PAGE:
Is there a worse sound in the world than the high-pitched screech of an angry toddler? If there is, I cannot remember such a noise. Toddler tantrums may be distressing on the best days; you know the ones: you are at home with nothing planned but doting on your adorable small human all day. But they become downright oppressive on those full days, or, gasp, when they occur in eye and ear shot of others.
Now, I am not new to the tantrum, I throw a few myself from time to time, and survived a double whammy of terrible twos with my twins, but they still slow me down. The twins have all but grown out of these displays but my youngest is deep in the thick of emotional turmoil on most days.
Some days begin with battles over clothes, screaming through the walk to the car, an extended battle at the carseat, and tears over having to get out again. Here are my tips to survive these terrifically awful moments in parenting. I am not an expert in child behavior but I have learned a few things about myself in these situations.
Top 5 tips for surviving even the worst:
1. Take a Moment
Just what it says, take a deep breath, look at the ceiling, whatever it takes to shake yourself out of the tantrum. There is nothing that undermines your position of authority like letting a tiny human dictate your mood. Plus it allows you a moment to remember the cute words you read in “What to Expect” and how useless they truly are. Then decide how to proceed. Picture your parents or partner trying to handle this without you, try to imagine how you would look stomping and pouting, picture your child as a tiny baby; Whatever inspires you to keep a cool head.
Sometimes just your child seeing you smile can make them happy, or maybe confused, but it can snap them out of it. Try to remove the stoic face you make when sternly telling your child something, who cares if the other moms think you are a wuss, don’t let a little toddler trouble bring out your inner meanie. Unless the tantrum is putting them in the way of direct harm, I try to steer clear of the “no” or the stern talk. Reserving the angry/loud voice for dangerous situations is one trick I carried over from dog training. Now, I am not advocating laughing at a child’s tantrum, which I would view as an undesirable choice, but just a kind smile that says “I love you, even when you are a stinker.” Smiling can also remind you that you are in a good mood.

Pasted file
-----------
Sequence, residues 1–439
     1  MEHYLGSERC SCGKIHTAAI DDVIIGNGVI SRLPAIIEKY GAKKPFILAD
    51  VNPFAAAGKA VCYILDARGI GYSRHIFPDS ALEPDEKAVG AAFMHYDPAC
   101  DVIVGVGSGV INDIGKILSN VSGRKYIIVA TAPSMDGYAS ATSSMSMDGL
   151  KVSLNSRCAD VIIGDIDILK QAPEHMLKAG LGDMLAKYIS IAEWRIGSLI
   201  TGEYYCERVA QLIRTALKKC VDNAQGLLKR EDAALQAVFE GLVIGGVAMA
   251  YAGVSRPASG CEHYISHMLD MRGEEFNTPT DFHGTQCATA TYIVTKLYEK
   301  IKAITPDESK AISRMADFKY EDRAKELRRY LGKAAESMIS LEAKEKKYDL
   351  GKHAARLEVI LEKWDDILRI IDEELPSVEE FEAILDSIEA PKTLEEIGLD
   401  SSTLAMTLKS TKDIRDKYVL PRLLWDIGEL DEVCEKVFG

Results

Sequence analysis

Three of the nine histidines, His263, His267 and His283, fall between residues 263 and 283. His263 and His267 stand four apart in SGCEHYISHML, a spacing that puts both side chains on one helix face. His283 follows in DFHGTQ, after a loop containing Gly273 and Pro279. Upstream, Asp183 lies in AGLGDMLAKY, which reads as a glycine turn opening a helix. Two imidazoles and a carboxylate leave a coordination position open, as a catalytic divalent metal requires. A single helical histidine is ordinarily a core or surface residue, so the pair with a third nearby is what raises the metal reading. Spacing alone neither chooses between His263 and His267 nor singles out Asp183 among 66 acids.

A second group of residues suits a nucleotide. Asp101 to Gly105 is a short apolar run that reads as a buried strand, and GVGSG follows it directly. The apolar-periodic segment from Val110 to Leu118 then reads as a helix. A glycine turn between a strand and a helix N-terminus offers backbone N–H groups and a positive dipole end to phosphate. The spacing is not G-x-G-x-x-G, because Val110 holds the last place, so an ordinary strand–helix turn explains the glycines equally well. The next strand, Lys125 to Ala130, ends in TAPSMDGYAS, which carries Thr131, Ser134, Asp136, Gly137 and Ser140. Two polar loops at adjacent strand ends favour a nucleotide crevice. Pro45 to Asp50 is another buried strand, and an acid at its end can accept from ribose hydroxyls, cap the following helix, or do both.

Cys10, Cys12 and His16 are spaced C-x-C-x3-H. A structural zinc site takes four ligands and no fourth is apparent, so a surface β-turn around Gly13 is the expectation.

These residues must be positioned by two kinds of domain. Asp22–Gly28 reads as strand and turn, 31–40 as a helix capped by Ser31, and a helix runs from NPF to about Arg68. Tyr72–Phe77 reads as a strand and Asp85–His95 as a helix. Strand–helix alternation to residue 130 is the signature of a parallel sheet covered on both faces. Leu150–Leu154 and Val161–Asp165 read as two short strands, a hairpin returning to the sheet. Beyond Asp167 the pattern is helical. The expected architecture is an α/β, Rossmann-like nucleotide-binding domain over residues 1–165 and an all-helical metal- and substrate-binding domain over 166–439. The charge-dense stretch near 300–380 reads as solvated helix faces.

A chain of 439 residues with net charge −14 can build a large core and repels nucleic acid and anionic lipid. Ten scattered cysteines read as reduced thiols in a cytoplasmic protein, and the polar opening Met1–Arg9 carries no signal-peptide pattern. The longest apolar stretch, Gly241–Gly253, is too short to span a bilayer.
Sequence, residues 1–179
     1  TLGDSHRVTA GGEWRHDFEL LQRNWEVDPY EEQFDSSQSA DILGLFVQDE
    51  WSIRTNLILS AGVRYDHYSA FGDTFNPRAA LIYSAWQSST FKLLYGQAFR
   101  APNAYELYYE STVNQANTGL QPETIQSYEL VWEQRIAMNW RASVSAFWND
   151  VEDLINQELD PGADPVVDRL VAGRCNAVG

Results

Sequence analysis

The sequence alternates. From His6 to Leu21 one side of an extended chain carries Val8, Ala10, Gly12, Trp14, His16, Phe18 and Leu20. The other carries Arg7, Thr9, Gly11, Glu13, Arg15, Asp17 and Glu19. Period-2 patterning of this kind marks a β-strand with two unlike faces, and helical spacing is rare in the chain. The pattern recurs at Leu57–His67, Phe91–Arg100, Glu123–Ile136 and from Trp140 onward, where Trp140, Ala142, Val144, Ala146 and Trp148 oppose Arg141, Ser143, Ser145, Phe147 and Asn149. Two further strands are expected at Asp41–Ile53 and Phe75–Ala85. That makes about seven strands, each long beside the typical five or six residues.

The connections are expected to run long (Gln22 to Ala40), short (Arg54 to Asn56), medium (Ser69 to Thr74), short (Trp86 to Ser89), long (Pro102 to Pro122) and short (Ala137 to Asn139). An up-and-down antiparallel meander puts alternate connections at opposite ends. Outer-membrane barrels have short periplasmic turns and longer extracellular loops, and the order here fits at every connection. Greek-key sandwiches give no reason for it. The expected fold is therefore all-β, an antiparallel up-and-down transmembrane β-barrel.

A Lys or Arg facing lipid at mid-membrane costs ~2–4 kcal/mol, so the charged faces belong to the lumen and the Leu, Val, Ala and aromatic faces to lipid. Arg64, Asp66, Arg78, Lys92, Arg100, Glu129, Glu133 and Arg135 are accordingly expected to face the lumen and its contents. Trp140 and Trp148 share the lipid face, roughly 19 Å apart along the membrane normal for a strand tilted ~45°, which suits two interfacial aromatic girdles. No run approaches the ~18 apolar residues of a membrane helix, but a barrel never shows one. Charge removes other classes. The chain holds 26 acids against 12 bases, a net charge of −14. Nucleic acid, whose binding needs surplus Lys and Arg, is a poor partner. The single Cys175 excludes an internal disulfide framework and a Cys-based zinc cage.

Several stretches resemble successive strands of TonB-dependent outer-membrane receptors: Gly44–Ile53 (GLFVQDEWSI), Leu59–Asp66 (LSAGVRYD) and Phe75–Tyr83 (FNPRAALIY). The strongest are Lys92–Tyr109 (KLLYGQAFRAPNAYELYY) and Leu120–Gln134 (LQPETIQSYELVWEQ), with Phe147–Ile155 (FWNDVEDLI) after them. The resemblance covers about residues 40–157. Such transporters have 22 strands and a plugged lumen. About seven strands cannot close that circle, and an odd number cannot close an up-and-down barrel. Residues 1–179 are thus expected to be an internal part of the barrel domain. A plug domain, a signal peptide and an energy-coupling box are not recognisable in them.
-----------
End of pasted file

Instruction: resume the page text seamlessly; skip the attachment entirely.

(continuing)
3. Make their concern into a song
This is my favorite thing to do, sing a song back to your kiddo about the issue they are facing. I suppose this comes from so many hours of Daniel Tiger (the show that tells us that singing is for everyone and every lesson). This tip pairs well with the other two and allows for you to communicate in a less intense way. Just a simple “We need to go into the store or we will be all out of food, all out of food” sung to a fun tune can really help. Adding an additional, ”if we can get this done then we can play/have a treat/cuddle” can also help. These songs can become silly when older siblings join in, but often times that can stop even the most stubborn toddler short.
4. Offer affection
Sometimes tantrums are just due to an overstimulation and not a disagreement, try out a hug and kiss for size to see if the situation improves. Perhaps offer the hug in a quite corner. This allows them a detour option, like an exit ramp on the highway. They don’t have to turn around and go your way, but they are also okay with not heading full speed in the opposite direction. I usually carry a small book, snack, or favorite toy in my pocket or bag just in case we need a distraction from a hairy situation. Plus, the opportunity to cuddle your kiddo while they are small should not be missed; your small human will be big before you know it. A hug, kiss, and “I love you” can be just the thing to turn your day around.
5. Quick exit
in the case of the disruptive tantrum, know your options for stealing your child away to an undisclosed location for further action. In all seriousness, toddler size makes them portable and sometimes the best option is to abandon ship. No one wants to leave a full cart of groceries or sacrifice a paid admission, but this is life with a toddler. I recommend the fireman carry for this maneuver as it allows less movement and decreases the chance of dropping a squirmy screamer en route. In the case of the grocery store, employees have been extremely understanding: one cashier even loaded and scanned all my items and then waved me back in the doors to pay. Toddler tantrums are a familiar sight for many a parent or caregiver and most understand the stress you are feeling. Someday these struggles will be a guilt trip you can hold over your child when you need them, just joking.
Have great tips of your own? Share them in the comments below. Raising great children takes a village, or online community.
Good luck on your parenting journey!
I am a highly opinionated and sassy mother of three and wife to one. I hope you enjoy reading about my efforts to tackle the infuriating obstacles of life using straight talk and humor. If I say it, I mean it, or maybe I am being sarcastic. I like to focus on topics from my everyday life: parenting, cooking, crocheting, and a whole list of other things that inspire my rage.